Second, this week’s Autumn Statement extended the lifetime of the UK Guarantees Scheme until at least 2026. Under this policy, the Treasury guarantees loans to private sector investors, giving them access to capital to fund new infrastructure. Since it was launched under the Coalition Government, it has given out £1.8 billion of guarantees, supporting over £4 billion of investment. We believe these loan guarantees could also be offered to drive investment in a network of charging points for electric vehicles.

Why is this important?

Accelerating the electric vehicle revolution offers many potential benefits, in addition to improving air quality. The Government is currently drafting its Emission Reduction Plan, which will set out how the legally-binding carbon budgets will be met. Transport now has the highest carbon emissions of any sector in the economy. What’s more, these emissions have actually risen for the past two years. Electrifying the car fleet would help the government make progress in decarbonising this stubbornly high-emitting sector.

Boosting electric vehicle uptake is also likely to be a key plank of the Government’s forthcoming industrial strategy. The UK is already the largest market for electric vehicles in Europe. Nissan, for instance, has invested over £420 million in the UK to build its electric vehicle, the Leaf. In 2015, the number of electric cars on the roads globally surpassed a million, more than doubling the total in 2014. This was also the year when electric vehicles’ market share of new purchases in the UK rose above 1%. Electric vehicles are a major economic opportunity for the UK to seize.

Electric cars are still near the start of their journey. But, as a result of the Chancellor’s measures this week, they have moved a few miles further towards the destination.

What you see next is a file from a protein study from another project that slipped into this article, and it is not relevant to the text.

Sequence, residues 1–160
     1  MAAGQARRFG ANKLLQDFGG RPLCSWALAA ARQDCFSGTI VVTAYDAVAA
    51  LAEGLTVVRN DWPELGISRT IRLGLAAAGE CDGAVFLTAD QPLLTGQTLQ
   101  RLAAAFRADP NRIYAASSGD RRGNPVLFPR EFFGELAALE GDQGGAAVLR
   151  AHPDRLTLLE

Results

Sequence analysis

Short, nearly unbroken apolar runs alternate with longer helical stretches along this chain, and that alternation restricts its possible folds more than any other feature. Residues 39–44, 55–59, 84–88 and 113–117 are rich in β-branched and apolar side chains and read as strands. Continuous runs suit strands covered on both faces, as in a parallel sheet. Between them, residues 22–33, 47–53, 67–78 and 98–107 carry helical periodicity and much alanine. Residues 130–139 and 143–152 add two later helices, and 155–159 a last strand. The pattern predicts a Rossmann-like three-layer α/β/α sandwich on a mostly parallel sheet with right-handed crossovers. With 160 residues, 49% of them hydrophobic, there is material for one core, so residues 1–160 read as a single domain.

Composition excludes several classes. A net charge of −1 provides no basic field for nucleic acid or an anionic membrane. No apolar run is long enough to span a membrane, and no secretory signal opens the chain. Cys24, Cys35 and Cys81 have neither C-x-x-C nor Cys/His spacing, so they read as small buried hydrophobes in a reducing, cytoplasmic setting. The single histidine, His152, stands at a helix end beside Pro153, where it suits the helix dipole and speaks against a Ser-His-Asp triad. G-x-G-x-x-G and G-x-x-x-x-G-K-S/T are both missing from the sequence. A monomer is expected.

Sam Hall is a researcher at Bright Blue

Accelerating productivity investment

Theresa May’s new government has an unprecedented opportunity to reshape the UK economy and it should not be wasted. Now is the time for Government to review its role in helping to finance productivity enhancing capital investments.

Lost confidence due to Brexit uncertainty and persistently weak productivity growth, the ultimate driver of long-run economic growth, are major concerns and new supply side investments and reforms are urgently required. While the amount of financing available is returning to pre-crisis levels, the length of loans and the cost of capital have not. Financing is available for too short a period of time and is too expensive, which results in many potentially profitable and productive investment opportunities failing to go ahead.

Given the massive difference between long-term UK government borrowing costs and those available to private investors, it would make sense to pass on some of this difference in capital costs and length of loans to those making productivity enhancing investments in social, physical, technological, and human capital.

An approach could be based on existing instruments created since 2010, namely the UK Guarantees Scheme for Infrastructure (the Scheme) and the UK Green Investment Bank (the GIB). Both of these policy instruments were created to help unlock financing for infrastructure, but both are severely constrained - largely because of the need to comply with EU State Aid rules.